Browsing through the shelves of a second hand book store (always exciting), I came across a copy of The Ragged Believers.
Nothing particularly interesting about that.
Except it’s one of my novels.
My first thought was – at least someone’s read it.
Second thought: Or have they?
I took the book off the shelf and flipped through it, looking for signs of reading, maybe a name at the front, or pages turned down at the corner, or pencil marks in the margin indicating particularly memorable passages, or dried tears on pages containing particularly moving episodes.
Did someone receive it as a gift and take it straight round to the used bookstore without even reading it?
I picture the PR (Potential Reader) unwrapping it and, with the donor hovering, exclaiming, “I can’t wait to read it …” and then as soon as the donor is off the scene, the PR thinking, “Thanks for nothing, a no name book by a no name author. Best I can do with it is part exchange it at the second hand bookstore for something worth reading.”
Or maybe the PR actually read it … and cared so little for it, he or she promptly dumped it at the second hand store, begging the question (well, my question) – How could the reader not treasure and cherish such a masterpiece? Maybe save it as an heirloom to pass on to future generations. Or treasure it to savour over and over again, or to quote favourite passages from, or simply for the joy of possessing a copy, just as you might treasure any work of art.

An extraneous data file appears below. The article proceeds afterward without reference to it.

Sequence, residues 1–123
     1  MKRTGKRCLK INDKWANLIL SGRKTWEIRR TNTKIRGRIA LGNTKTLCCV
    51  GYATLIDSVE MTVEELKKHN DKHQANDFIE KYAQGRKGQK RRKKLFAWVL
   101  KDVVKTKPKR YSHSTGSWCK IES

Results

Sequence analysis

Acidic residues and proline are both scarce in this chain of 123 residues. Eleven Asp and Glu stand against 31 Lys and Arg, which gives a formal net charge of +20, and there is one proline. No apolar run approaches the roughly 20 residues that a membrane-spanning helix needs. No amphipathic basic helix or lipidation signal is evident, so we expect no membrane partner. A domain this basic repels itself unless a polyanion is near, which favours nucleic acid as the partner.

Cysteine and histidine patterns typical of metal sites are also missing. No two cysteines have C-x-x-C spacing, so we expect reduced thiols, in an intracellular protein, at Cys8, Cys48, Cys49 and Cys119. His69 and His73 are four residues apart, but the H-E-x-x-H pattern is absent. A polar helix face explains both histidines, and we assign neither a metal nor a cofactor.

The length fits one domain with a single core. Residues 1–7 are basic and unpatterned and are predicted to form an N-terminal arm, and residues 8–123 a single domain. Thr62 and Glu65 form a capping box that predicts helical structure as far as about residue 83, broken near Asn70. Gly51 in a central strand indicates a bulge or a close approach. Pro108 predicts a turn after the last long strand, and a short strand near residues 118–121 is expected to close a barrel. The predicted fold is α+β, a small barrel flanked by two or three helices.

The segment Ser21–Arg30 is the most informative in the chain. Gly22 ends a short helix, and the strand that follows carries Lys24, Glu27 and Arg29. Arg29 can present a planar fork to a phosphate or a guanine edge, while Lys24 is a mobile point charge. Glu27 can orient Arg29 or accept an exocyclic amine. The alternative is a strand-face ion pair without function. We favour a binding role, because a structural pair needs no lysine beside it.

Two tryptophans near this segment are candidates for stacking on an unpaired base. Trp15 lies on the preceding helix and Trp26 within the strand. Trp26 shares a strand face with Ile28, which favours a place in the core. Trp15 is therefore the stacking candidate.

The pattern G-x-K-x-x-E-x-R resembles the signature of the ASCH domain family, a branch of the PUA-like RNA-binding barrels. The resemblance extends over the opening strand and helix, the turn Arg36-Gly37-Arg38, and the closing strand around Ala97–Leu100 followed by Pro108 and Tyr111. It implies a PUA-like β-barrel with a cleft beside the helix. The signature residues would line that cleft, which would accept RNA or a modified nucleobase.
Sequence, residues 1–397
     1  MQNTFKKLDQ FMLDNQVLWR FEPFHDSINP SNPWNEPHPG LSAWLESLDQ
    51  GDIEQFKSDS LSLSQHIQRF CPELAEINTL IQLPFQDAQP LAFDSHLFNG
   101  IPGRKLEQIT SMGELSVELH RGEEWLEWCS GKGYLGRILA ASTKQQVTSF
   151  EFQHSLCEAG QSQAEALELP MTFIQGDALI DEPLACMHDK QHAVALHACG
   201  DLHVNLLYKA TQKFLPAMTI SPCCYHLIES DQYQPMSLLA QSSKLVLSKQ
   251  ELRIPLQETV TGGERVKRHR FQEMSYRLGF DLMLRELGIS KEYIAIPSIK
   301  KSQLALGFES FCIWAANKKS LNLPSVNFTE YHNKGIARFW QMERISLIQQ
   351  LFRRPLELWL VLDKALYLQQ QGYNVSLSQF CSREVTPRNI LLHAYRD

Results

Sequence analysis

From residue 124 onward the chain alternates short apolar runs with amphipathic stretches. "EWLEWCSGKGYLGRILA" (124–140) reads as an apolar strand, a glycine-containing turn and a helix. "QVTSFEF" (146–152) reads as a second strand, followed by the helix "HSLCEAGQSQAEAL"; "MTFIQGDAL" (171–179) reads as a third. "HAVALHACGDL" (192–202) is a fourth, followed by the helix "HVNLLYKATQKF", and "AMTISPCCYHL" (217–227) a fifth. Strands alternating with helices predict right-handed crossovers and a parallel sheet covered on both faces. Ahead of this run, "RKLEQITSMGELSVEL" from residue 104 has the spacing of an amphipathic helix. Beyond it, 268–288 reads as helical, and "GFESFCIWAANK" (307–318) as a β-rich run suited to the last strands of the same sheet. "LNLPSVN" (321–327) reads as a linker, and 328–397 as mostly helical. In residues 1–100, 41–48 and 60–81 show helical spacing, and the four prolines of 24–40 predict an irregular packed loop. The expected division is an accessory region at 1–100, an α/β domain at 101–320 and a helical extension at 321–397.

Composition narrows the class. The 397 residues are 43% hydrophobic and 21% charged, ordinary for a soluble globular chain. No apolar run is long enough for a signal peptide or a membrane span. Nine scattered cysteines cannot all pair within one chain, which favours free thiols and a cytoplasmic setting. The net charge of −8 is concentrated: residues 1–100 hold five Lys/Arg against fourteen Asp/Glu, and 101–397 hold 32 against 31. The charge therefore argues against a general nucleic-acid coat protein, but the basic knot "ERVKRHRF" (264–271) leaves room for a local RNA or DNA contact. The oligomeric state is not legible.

Then, moving from artistic to mercenary injury, I think – I’m being gypped! I got a meagre 10% from the original sale, while the feckless PR has made a few dollars in part exchange at the used book store, and the used book store owner in turn will rake in all of the second hand selling price, so it’ll have been sold three times over – and all I’ve got is still my original, miserly ten per cent.
It’s a tough life, finding oneself discarded.
But at least it gives me something to write about.